Sports News

Mets owner Fred Wilpon takes swipe at value of team's stars

NEW YORK (Reuters) - The embattled owner of the New York Mets has taken a swipe at the struggling team’s leading players, saying they are overpaid and underperforming and should not expect top money for their next contracts.

New York Mets pitcher Francisco Rodriguez (L) listens as manager Terry Collins (C) talks with Mets President Saul Katz and Principal Owner Fred Wilpon during the team's first official day of workouts for pitchers and catchers at the Mets baseball training facility in Port St. Lucie, Florida February 17, 2011. REUTERS/Hans Deryk

Fred Wilpon, whose ownership of the Mets is under pressure while he is being sued over profits he made in Bernard Madoff’s Ponzi scheme, questioned the market value of three top players, shortstop Jose Reyes, outfielder Carlos Beltran and injured third baseman David Wright.

Reyes and Wright have long been considered the cornerstones of the Mets and crowd favorites, but Wilpon indicated he may not be offering Reyes the kind of contract he is seeking when he becomes a free agent at the end of the season.

The often injured Reyes has bounced back this contract-drive season, batting .310 with 17 stolen bases but Wilpon told The New Yorker magazine he was still overvalued.

“He (Reyes) thinks he’s going to get Carl Crawford money,” Wilpon, 74, was quoted as saying in reference to the seven-year, $142 million deal the speedy outfielder signed this past off-season with the Boston Red Sox.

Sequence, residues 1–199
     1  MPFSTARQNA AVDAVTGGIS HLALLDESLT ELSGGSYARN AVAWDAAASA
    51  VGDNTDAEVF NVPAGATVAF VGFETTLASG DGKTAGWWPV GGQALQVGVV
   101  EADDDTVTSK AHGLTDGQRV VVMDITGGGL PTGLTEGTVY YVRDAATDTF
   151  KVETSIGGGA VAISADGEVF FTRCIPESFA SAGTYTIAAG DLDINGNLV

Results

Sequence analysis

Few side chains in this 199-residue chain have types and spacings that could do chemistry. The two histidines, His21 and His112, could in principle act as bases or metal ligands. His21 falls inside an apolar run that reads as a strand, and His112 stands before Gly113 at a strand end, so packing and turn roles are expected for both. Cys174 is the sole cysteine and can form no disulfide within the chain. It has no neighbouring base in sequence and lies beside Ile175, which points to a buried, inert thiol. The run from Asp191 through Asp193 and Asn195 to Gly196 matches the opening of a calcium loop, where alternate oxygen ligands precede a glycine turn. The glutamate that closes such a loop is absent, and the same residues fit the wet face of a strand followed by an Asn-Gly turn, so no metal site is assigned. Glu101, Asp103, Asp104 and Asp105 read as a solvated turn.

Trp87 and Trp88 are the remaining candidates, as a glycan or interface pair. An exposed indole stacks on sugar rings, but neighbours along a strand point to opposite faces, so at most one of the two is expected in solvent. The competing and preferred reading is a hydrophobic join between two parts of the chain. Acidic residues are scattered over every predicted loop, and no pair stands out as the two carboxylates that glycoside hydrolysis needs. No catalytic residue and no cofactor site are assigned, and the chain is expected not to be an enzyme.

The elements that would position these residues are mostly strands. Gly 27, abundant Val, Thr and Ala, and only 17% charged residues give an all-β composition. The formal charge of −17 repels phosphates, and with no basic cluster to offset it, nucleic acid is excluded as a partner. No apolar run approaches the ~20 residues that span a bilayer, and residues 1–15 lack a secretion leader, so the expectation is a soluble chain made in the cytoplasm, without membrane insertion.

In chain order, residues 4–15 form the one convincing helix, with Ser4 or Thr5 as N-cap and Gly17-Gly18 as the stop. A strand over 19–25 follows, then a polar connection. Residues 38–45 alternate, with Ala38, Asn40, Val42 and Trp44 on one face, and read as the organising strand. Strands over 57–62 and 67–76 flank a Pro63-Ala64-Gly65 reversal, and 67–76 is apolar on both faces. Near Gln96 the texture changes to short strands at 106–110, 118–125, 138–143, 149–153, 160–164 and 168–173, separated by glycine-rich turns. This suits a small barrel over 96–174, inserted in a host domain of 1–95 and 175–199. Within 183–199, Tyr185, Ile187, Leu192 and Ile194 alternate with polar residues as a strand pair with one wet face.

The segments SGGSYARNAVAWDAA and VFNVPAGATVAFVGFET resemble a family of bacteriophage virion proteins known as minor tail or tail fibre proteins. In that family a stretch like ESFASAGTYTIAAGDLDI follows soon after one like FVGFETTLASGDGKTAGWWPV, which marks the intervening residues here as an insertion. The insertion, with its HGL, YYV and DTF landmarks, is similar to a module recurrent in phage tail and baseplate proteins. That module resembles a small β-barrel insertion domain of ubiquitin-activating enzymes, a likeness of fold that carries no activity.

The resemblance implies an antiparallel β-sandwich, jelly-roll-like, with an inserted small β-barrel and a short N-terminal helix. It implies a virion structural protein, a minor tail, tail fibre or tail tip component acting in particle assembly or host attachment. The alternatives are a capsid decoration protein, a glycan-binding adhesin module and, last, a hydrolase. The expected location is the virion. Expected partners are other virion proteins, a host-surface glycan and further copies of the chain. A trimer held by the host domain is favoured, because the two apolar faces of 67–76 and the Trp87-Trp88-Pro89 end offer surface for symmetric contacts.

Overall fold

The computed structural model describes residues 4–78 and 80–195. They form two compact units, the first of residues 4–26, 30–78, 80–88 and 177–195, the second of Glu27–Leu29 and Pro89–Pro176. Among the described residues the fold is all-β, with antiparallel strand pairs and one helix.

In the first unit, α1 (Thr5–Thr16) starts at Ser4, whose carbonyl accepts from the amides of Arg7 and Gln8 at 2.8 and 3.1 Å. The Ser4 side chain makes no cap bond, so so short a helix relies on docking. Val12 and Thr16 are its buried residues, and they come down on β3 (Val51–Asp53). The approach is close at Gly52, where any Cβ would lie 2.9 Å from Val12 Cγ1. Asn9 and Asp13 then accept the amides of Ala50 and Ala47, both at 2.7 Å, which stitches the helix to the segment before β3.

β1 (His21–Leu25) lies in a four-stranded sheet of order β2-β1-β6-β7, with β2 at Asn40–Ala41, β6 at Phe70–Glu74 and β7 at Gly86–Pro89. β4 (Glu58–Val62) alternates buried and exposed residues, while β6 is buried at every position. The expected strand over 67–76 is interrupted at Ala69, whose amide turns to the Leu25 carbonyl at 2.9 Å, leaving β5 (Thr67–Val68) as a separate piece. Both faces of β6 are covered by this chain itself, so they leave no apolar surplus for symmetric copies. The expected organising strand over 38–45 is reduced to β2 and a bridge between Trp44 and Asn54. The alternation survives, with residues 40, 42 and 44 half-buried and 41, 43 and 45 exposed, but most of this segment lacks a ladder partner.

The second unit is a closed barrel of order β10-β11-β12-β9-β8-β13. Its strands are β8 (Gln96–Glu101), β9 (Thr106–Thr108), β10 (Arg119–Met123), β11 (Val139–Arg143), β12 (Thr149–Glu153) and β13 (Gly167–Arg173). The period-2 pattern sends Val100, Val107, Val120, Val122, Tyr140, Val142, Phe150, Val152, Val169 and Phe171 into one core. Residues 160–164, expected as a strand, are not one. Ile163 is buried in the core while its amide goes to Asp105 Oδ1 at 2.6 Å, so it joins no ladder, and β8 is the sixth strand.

“He’s had everything wrong with him. He won’t get it.”

At least not from Wilpon, who is being sued for $1 billion by the trustee for victims of the Madoff scheme.

Asked about Beltran, also in the last year of his contract, Wilpon blamed himself for overpaying another player who has since struggled with injuries.

Wilpon, who is trying to sell a minority interest in the Mets to raise funds, said he overestimated Beltran coming off a brilliant 2004 postseason with the Houston Astros.

“(We) paid him based on that one series. He’s sixty-five to seventy percent of what he was,” said Wilpon, who signed Beltran to a seven-year, $119 million deal.

Wilpon said Wright, sidelined with a back injury for the Mets, who have battled to a 22-24 record despite all their injuries, was good but not great.

“A really good kid. A very good player,” he told the magazine about the third baseman and face of the franchise who is pulling down $14 million this season. “Not a superstar.”

Asked about all the bad luck that seems to have befallen the franchise, Wilpon said: “We’re snakebitten, baby.”

Writing by Larry Fine, Editing by Julian Linden